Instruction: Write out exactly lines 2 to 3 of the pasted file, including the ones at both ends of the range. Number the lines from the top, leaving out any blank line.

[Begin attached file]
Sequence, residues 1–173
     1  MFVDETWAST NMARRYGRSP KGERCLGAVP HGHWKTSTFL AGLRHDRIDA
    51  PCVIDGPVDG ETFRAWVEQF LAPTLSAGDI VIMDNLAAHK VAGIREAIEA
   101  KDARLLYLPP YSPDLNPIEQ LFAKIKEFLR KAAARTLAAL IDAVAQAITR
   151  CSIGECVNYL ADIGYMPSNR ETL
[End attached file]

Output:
     1  MFVDETWAST NMARRYGRSP KGERCLGAVP HGHWKTSTFL AGLRHDRIDA
    51  PCVIDGPVDG ETFRAWVEQF LAPTLSAGDI VIMDNLAAHK VAGIREAIEA